After this, I relapsed into my former insensibility, in which state I continued a considerable time; yet I had some occasional glimpses of what was passing forward about me; I had some floating reminiscences of an old man, who I thought had been with me, and a more perfect idea of a female form which flitted round me. One day, as I lay half sensible on my bed, saw this lovely creature approach me; I felt the soft touch of her fingers on my brow; and though the pressure was as light as may be conceived from human fingers, it thrilled through my veins, and lingered in my confused remembrance; the sound of her voice, as she spoke in a low tone a few words to the old man, was music to me; her bright eyes, tempered with the serenity of a pure and blameless mind, beamed upon me with such an expression of charity and benevolence as I had never before beheld. During the whole time of my illness, those white fingers, those bright blue eyes, and the sound of that voice, were ever present to my diseased imagination, and exerted a soothing influence over my distempered feelings.

At length the darkness that obscured my mind and memory passed away. I was again sensible, and could call to mind, with some little trouble, a considerable part of the accidents that had befallen me. Still, however, the idea of my passing over the brink of the rocks over which the river precipitates itself; of the shock which I experienced when dashed upon the cataract, and of my terrible feelings, I had a very slight and confused idea. I now longed more ardently than before for some one from whom I might gather information concerning those things which were unknown to me. My strength being in some degree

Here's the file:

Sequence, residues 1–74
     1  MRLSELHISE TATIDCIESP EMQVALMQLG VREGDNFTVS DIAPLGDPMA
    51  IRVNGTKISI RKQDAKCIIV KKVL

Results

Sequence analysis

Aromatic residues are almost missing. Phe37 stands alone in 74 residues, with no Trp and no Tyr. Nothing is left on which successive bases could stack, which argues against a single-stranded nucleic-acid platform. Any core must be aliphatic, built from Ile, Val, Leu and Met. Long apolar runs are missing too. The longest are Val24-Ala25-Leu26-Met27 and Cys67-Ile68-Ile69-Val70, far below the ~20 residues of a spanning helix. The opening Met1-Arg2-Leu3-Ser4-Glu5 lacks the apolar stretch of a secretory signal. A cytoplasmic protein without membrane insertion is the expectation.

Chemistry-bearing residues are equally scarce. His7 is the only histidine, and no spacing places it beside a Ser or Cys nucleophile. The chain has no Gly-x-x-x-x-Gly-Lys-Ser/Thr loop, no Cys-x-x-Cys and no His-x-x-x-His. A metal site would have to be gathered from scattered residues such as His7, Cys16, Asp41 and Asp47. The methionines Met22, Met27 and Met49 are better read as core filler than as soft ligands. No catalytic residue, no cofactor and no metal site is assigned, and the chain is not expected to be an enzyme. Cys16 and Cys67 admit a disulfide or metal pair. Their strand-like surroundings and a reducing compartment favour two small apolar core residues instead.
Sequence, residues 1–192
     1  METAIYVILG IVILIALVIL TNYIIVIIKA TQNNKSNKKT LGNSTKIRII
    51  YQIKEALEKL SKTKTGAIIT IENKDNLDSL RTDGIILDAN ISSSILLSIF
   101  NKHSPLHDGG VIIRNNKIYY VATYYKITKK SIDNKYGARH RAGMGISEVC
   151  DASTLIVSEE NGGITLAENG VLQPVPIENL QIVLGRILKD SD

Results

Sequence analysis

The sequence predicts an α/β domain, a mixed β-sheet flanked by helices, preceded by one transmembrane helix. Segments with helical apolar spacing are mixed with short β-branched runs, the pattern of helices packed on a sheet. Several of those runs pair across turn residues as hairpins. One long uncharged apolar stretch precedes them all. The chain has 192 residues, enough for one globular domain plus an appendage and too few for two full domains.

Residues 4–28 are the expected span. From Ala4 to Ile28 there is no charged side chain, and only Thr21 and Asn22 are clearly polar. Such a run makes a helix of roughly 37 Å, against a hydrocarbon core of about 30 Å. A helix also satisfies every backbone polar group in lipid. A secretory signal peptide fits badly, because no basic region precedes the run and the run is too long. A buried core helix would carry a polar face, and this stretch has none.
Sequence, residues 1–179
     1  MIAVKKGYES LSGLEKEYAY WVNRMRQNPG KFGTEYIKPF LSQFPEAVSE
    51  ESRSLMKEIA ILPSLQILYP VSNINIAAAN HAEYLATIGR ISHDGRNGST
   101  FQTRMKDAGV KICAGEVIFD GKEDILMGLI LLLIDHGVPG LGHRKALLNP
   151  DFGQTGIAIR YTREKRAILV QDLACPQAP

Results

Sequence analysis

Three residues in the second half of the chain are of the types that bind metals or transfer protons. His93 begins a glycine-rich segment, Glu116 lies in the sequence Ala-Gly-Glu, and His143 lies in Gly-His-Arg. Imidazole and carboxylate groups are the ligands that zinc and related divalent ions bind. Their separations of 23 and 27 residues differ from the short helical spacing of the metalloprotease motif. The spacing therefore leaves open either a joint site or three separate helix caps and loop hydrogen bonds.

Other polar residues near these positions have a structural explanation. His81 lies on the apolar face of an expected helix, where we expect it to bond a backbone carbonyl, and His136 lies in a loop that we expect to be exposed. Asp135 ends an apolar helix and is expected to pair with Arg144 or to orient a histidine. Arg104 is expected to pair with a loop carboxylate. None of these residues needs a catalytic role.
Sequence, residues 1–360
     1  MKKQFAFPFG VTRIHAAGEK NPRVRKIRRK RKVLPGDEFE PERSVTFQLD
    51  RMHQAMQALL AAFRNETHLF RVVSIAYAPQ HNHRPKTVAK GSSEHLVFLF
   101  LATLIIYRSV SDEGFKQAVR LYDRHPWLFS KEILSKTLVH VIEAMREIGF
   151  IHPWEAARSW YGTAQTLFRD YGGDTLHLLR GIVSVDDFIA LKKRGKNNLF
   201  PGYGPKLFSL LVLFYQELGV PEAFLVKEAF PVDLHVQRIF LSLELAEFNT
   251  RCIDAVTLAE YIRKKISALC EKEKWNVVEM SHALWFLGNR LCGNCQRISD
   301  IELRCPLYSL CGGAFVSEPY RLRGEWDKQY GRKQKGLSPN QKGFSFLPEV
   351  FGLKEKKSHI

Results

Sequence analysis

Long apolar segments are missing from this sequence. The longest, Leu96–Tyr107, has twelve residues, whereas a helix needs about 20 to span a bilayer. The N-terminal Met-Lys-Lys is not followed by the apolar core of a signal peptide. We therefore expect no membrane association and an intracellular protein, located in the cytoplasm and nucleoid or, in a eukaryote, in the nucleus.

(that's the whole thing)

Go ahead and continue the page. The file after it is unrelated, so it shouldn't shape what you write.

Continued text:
recruited, I endeavoured to rise, and succeeding in the attempt, I examined the room in which I lay; but no one was there my next labour (and a work of labour I found it) was to put on some clothes, which I found deposited on a chair: being equipped, therefore, as fully as circumstances would admit, I commenced my operations. My first step was to enter into an adjoining room, which, fearful of trespassing on forbidden ground, I did with some trepidation. This room was, however, likewise destitute, as I thought, of inhabitants, and I was about to retire, when the barking of a dog arrested my attention; and, turning round, beheld, with no small satisfaction, my old fellow-traveller Carlo. Shall I attempt to describe our meeting? It was the language of the heart, inexpressible in words, that spoke in the sparkling eyes and joyous gambols of my dog; and I was busily engaged in patting him, when, turning round, I perceived that our privacy had been intruded upon. The beautiful creature on whom my wandering fancy had dwelt, stood looking at us, supporting, with one arm, the old man, her father; while on the other hung a basket of flowers. I stood gazing at them without speaking; I know not what magic made me dumb, but not a word escaped my lips. She was the first to speak, and expressed her joy at seeing me able to depart from my couch, chiding me at the same time for so doing, without leave. "I," said she, smiling, "am at present your physician; and I assure you I shall exercise the power which I have over you as such, in as rigorous a manner as possible." "Aye," added the father, "like all your sex, you love to make the most of the little power you have. But,” added he, “we should not thus salute a guest by threatening him with subjection: he is our guest, and not our captive." By this time I had recovered the use of my tongue, and began to express my gratitude for their kindness, and my sorrow at the trouble which I was conscious I must have occasioned to them; but my politeness was cut short, by the frank assurance of my host that I was welcome, reiterated more gently, but not less warmly, by his lovely daughter. Carlo and I were now separated, much against the wishes of both; but my fair physician was inexorable, and I was compelled to turn in again, in seaman's phrase, till to-morrow, and to suspend for the same time my curiosity.